Dragonrealm

Dragonrealm

  Gamewright  |  Game Factory | BGG  |  Buy

Designer: Darren Kisgen Art: Chris Beatrice
Publisher: Gamewright, Game Factory 
2-4 players 20-30 minutes ages 10+
MSRP $25

Time to teach & learn: 5-10 minutes

text-the concept

Pack your lucky socks and get ready for an adventure exploring Dragonrealm! Sneak into the witch’s cabin, search the ogre’s treehouse, or storm the dragon’s lair. Explore the wilds and add adventurers to different locations in the hope of getting the most treasure. But watch out for goblins who might get there first and grab the treasure before you!

text-the components

Dragonrealm comes with lushly illustrated cards, plus custom wooden pawns and dice.

There are 68 adventurer cards, most of which you’ll use to assail the locations in the game. Adventurer cards come in 5 different colors, and are numbered from 1-12.   In addition, a few adventure cards will trigger the arrival of goblins or an untimely rockslide.

There are 16 enhancement cards to aid you in your journey.

There are 21 large format location cards. Locations come in four colors, representing the different obstacles and trials you will face on your quest. There are spaces for adventurers and goblins, plus icons detailing the type and difficulty of challenges at that location.  Each adventure will culminate at a dragon location card, where great challenge and great treasure awaits!

The game is packed with chunky wooden pawns. Each player gets 8 adventurers to represent your team . There are also 6 custom wooden goblins that are sure to be annoying and get in your way as you play.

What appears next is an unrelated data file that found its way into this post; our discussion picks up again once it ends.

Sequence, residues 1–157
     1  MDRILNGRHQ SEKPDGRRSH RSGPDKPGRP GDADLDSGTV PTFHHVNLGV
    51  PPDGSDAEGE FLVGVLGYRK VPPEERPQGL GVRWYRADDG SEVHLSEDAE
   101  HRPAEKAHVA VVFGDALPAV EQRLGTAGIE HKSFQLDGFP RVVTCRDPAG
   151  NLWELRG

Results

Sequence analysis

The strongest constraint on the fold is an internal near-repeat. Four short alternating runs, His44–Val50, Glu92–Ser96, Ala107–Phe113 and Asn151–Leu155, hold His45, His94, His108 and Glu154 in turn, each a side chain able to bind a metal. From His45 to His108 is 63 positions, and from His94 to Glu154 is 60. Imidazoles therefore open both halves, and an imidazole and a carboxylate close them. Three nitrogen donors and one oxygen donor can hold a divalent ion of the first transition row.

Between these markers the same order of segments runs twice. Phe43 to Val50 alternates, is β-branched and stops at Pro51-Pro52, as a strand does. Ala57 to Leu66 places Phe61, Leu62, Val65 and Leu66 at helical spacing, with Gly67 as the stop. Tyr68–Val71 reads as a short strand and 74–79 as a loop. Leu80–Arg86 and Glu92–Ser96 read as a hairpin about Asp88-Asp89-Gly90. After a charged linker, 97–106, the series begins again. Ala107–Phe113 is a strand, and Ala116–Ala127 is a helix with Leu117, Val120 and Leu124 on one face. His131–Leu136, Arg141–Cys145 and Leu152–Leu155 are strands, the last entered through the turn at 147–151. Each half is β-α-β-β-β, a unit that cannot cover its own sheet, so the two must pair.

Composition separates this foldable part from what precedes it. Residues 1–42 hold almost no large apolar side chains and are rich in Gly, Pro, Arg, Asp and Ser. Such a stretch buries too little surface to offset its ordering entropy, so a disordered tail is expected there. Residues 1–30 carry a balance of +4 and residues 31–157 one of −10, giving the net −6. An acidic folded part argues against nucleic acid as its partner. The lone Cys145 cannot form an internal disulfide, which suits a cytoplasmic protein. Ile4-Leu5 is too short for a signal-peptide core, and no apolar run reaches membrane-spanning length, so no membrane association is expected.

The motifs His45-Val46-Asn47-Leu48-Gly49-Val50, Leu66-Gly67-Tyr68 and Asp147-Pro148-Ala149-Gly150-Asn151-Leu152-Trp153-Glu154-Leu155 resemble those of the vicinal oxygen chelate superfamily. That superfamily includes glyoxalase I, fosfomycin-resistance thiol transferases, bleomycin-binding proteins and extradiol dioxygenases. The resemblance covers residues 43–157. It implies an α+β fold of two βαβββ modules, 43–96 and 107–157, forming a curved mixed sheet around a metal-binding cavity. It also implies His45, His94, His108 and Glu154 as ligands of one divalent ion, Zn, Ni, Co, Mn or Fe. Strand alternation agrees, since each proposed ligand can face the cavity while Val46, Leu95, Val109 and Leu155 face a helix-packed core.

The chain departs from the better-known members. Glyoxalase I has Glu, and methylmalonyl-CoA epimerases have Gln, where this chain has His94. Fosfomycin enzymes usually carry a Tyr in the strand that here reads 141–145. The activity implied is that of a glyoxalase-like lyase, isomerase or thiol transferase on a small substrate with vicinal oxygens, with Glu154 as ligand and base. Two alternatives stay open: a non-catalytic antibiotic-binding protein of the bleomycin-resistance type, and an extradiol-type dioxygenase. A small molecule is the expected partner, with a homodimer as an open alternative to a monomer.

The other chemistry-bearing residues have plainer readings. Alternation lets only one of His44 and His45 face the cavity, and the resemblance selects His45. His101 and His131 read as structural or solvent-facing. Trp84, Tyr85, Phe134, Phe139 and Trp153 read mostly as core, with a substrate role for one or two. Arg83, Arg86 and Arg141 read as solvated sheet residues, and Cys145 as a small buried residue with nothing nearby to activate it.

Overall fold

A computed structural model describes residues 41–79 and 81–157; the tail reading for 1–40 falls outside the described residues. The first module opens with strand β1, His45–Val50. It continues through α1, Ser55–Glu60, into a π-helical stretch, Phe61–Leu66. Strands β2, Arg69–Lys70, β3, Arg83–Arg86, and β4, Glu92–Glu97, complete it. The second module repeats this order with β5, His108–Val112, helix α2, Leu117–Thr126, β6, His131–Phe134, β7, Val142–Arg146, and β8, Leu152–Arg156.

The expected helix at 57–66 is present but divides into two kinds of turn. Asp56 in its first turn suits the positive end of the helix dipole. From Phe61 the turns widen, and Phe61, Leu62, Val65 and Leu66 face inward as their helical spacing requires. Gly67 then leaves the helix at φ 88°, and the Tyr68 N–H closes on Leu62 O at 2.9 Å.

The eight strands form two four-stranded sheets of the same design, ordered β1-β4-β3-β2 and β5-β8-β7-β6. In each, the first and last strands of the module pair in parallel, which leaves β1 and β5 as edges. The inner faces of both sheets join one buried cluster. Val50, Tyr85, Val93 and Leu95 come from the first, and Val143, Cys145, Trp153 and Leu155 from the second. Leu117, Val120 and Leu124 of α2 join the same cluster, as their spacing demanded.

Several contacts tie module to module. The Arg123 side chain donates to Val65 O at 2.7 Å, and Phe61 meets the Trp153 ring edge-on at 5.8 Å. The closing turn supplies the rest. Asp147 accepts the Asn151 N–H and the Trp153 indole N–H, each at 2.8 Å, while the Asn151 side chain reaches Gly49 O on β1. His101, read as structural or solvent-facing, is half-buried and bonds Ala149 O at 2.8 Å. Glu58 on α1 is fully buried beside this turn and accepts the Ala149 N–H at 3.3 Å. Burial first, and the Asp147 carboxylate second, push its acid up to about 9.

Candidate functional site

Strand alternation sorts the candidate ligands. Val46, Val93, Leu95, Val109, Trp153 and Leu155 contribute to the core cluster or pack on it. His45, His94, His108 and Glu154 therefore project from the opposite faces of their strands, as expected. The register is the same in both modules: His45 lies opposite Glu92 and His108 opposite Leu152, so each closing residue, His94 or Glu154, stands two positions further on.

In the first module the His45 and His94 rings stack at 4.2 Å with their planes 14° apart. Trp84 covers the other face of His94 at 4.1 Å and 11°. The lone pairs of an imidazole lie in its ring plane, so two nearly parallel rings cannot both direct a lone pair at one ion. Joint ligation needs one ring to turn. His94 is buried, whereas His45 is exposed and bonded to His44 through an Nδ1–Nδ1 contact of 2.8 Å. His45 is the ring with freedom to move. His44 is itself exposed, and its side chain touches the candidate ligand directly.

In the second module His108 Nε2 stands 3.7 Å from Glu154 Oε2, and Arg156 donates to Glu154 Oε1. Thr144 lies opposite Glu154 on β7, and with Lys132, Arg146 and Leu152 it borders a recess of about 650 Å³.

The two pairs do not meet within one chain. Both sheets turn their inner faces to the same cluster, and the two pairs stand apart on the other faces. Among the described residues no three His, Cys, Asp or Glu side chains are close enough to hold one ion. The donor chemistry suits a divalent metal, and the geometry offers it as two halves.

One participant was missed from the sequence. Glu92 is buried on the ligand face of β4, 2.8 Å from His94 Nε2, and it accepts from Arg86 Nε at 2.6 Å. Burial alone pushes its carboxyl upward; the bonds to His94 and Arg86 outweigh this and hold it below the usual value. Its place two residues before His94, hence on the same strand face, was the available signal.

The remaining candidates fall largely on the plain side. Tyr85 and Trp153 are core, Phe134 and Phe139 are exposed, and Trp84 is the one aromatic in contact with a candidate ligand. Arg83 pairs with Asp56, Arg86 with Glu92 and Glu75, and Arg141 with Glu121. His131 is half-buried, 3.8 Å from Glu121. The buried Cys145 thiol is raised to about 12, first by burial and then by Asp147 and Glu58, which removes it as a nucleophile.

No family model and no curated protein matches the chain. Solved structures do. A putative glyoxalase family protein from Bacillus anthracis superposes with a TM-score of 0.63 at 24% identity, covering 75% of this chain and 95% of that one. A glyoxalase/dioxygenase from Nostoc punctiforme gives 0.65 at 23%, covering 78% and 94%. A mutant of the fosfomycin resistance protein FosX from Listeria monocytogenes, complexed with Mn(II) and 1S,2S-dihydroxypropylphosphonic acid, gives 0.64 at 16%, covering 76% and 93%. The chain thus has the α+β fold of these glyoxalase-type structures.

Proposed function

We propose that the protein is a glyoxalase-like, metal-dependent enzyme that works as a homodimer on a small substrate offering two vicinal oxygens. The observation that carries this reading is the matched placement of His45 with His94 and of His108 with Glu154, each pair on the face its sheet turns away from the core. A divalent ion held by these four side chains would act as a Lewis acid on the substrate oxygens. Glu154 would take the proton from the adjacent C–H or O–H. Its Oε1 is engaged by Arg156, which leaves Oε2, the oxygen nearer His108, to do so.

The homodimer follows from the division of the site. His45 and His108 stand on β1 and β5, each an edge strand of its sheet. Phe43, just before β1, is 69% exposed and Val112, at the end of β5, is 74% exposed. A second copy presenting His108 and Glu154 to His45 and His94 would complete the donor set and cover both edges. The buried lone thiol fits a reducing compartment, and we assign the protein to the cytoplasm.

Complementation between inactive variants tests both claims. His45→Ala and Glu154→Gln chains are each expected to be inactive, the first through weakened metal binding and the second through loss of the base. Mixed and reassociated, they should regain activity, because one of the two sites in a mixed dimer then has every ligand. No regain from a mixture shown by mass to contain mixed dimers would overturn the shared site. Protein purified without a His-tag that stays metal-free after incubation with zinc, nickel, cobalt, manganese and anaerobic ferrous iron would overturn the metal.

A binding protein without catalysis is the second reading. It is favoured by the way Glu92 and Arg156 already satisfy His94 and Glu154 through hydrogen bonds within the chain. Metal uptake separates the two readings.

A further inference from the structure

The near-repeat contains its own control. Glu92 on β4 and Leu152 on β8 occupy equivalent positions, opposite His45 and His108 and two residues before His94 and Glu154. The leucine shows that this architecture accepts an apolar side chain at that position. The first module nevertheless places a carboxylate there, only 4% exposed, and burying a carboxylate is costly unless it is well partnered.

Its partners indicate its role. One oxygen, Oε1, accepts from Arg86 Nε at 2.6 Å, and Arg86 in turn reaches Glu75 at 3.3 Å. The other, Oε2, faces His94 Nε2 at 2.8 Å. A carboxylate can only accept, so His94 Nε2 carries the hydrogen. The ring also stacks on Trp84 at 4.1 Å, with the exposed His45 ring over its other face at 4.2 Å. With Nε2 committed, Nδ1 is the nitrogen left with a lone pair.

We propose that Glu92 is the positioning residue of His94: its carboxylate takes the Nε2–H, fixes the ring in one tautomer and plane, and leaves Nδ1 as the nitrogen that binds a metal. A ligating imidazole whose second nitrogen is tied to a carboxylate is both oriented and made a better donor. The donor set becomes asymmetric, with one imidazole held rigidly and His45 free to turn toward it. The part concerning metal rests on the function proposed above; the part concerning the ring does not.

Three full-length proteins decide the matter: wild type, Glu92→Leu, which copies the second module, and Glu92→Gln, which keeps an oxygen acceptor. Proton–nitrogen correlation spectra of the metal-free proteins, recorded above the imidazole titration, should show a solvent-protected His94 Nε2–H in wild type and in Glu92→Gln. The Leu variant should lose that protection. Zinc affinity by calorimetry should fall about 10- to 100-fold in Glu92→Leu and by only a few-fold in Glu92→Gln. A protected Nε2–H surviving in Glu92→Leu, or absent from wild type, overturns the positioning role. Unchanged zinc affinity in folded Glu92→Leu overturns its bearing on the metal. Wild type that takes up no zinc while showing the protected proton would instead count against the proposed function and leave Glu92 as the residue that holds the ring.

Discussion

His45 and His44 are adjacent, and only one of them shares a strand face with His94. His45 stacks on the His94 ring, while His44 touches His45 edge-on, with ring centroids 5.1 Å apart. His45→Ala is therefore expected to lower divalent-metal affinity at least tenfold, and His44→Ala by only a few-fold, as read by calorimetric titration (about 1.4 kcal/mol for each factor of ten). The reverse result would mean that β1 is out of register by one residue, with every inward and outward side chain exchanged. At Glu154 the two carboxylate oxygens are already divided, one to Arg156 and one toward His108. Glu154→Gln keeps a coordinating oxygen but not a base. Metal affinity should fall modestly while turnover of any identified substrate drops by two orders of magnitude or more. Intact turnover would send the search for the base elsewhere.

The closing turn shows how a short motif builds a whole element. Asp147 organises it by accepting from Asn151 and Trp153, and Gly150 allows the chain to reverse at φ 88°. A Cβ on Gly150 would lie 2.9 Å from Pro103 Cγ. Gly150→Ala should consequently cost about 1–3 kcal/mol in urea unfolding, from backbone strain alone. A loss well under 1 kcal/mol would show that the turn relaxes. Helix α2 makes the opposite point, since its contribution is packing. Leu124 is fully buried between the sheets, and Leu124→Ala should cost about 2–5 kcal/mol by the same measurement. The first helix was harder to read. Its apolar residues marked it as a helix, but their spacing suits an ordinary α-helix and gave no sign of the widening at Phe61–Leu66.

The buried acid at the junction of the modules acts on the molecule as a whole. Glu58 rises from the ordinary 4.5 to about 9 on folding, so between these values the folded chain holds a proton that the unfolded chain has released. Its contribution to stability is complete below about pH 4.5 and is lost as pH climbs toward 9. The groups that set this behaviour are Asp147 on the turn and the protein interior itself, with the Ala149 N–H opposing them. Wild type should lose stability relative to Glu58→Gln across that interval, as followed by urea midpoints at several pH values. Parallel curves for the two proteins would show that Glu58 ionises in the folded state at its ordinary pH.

The 6 custom dice will see constant action as you play. Each die is numbered from 1-4, with two 2s and 3s, and a single 1 and 4.

Last but not least, the one thing both you and the goblins want most, a pile of 50 treasure coins!

To begin, deal 5 Adventurer cards to each player. Each player also gets to choose some enhancements to take along. A Fireball Spell could get you out of a jam.  A Potion of Invisibility might get us past some guards. Or perhaps your Pet Chipmunk could overwhelm a monster with its cuteness! Then, create a deck of 7 location cards, including 2 cards from each color, ending with a dragon location. The road to adventure begins here. You’re ready to explore Dragonrealm!

text-the mechanics

In Dragonrealm, players will collect sets of cards. Playing different sets of cards allows your adventurers to roll dice to explore and take over locations.

The goal of the game is to accumulate more treasure than your fellow adventurers.

On your turn you have two choices: Explore or Rest.

When you Explore, you play from 1-6 cards from your hand to deal with a location in one of three ways: Sneak, Search, or Storm. The method you select will depend on the strength and weakness of your party of adventurers, that is, the cards in your hand.